Countries where citizens exhibit more “pro-social” behaviours (e.g. generosity, virtuosity, social connectedness) were found to be stronger in life-satisfaction than countries that were not as pro-social. These reports condense the defining factors of life-satisfaction into three: the ethos of a country – are people trustworthy, generous, and mutually supportive? The institutions – are people free to make important life decisions? And the material conditions of life – both income and health.
Are new citizens satisfied with the thresholds and the trade-offs it takes to turn their rough and tumble journeys into dream destinations? Or do we need stronger social support systems and more dynamic definitions of happiness that lend to enhanced measures of citizen experience that foresee and prevent citizen churn or worse illness and early mortality? Canadian passports may still rank (only) one slot above American (US) passports—but this minor difference may not hold any consequence for those who experience an abject lack of opportunity in their own (new) homeland.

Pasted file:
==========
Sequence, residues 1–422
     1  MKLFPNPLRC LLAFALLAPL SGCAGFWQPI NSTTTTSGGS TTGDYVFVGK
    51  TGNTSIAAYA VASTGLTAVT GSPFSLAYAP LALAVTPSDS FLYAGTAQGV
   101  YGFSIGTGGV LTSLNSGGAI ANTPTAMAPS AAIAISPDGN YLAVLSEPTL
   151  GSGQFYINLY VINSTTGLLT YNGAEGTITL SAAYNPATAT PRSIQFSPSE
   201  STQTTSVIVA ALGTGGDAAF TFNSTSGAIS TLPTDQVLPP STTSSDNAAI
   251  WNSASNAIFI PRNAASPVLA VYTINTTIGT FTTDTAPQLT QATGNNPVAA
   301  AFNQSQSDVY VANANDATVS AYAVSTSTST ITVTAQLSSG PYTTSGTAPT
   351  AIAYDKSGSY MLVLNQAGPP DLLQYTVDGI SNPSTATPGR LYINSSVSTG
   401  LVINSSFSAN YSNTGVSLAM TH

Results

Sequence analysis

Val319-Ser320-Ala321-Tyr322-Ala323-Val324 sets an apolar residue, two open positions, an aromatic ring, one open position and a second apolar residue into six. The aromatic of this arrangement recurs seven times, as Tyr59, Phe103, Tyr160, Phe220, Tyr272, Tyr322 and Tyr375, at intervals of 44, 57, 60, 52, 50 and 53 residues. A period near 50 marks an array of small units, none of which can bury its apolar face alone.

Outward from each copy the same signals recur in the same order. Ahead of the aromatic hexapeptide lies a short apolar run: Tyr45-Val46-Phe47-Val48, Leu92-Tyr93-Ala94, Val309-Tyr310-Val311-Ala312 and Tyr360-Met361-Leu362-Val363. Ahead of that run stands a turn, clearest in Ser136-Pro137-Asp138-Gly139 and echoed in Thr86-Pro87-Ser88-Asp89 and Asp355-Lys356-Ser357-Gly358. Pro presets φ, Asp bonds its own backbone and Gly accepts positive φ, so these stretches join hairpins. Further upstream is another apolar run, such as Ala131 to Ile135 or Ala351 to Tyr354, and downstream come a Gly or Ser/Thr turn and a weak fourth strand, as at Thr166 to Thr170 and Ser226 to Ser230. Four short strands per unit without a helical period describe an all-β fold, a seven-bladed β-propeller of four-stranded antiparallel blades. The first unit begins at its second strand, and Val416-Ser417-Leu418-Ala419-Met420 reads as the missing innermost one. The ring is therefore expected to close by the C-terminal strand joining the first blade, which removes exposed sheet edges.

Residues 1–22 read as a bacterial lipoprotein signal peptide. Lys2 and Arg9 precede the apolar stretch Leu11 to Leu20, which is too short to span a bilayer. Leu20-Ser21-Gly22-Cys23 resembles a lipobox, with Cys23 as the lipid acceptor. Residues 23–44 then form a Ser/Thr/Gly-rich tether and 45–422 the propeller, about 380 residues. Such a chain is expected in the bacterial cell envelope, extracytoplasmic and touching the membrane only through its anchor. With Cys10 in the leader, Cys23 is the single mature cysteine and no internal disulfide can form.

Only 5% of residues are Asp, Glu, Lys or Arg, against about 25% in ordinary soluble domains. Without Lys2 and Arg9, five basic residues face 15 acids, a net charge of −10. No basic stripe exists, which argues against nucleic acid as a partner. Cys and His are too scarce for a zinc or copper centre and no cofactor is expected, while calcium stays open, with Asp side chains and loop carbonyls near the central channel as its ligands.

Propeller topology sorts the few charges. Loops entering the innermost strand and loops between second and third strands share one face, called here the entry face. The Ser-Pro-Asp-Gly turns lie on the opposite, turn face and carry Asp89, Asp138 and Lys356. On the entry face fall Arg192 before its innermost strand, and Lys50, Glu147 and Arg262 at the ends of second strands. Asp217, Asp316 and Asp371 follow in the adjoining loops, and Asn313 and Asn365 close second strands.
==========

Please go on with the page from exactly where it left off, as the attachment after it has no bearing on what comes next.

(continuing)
Esteban Ortiz-Ospina and Max Roser (2013) – “Happiness and Life Satisfaction”. Published online at OurWorldInData.org. Retrieved from: ‘https://ourworldindata.org/happiness-and-life-satisfaction‘ [Online Resource]
 IRCC (2023, April 18). Immigration Refugees and Citizenship Canada Research Reports. Government of Canada. Retrieved August 15, 2023, from https://www.canada.ca/en/immigration-refugees-citizenship/corporate/reports-statistics/research.html
 Mueller, R. E. (2006). What Happened to the Canada-United States Brain Drain of the 1990s? New Evidence from the 2000 US Census. Journal of International Migration and Integration, 7(2), 167-194. https://doi.org/10.1007/s12134-006-1008-y
Arundati Dandapani is the founder of Generation1.ca and the author of an upcoming book on nationhood and identity in post-global times “What is the Point of Canada? A 21st Century Guide to Newcomer Integration” from which this excerpt is inspired.